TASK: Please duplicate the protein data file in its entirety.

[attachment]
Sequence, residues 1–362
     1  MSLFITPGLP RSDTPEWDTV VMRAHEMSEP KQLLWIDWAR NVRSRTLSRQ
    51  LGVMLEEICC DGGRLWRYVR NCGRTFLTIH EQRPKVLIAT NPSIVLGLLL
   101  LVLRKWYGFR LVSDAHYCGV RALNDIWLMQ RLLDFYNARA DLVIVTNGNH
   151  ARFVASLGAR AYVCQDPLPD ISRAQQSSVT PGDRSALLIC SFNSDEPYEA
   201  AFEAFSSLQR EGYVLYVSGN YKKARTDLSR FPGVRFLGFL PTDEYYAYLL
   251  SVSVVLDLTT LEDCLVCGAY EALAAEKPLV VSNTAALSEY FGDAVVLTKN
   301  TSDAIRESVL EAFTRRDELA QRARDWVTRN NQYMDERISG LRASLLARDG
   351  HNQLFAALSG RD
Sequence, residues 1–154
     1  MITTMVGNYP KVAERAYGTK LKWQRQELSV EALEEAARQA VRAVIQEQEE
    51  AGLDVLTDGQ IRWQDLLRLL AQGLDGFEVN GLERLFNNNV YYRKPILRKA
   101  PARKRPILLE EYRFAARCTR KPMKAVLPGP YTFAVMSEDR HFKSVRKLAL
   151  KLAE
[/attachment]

Sequence, residues 1–362
     1  MSLFITPGLP RSDTPEWDTV VMRAHEMSEP KQLLWIDWAR NVRSRTLSRQ
    51  LGVMLEEICC DGGRLWRYVR NCGRTFLTIH EQRPKVLIAT NPSIVLGLLL
   101  LVLRKWYGFR LVSDAHYCGV RALNDIWLMQ RLLDFYNARA DLVIVTNGNH
   151  ARFVASLGAR AYVCQDPLPD ISRAQQSSVT PGDRSALLIC SFNSDEPYEA
   201  AFEAFSSLQR EGYVLYVSGN YKKARTDLSR FPGVRFLGFL PTDEYYAYLL
   251  SVSVVLDLTT LEDCLVCGAY EALAAEKPLV VSNTAALSEY FGDAVVLTKN
   301  TSDAIRESVL EAFTRRDELA QRARDWVTRN NQYMDERISG LRASLLARDG
   351  HNQLFAALSG RD
Sequence, residues 1–154
     1  MITTMVGNYP KVAERAYGTK LKWQRQELSV EALEEAARQA VRAVIQEQEE
    51  AGLDVLTDGQ IRWQDLLRLL AQGLDGFEVN GLERLFNNNV YYRKPILRKA
   101  PARKRPILLE EYRFAARCTR KPMKAVLPGP YTFAVMSEDR HFKSVRKLAL
   151  KLAE